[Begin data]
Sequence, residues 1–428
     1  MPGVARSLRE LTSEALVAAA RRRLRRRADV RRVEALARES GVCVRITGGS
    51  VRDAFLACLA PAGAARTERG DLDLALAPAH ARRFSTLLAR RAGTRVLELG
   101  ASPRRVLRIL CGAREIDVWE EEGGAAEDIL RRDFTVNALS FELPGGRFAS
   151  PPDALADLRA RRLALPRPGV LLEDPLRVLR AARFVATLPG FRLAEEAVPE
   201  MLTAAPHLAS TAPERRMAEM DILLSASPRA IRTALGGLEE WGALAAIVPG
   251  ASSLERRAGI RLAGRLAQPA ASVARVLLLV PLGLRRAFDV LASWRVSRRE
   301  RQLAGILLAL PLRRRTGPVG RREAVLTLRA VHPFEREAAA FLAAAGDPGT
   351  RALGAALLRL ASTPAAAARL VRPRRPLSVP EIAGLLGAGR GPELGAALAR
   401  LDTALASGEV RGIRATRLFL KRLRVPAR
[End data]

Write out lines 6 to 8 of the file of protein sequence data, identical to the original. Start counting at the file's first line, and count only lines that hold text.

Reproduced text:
   201  MLTAAPHLAS TAPERRMAEM DILLSASPRA IRTALGGLEE WGALAAIVPG
   251  ASSLERRAGI RLAGRLAQPA ASVARVLLLV PLGLRRAFDV LASWRVSRRE
   301  RQLAGILLAL PLRRRTGPVG RREAVLTLRA VHPFEREAAA FLAAAGDPGT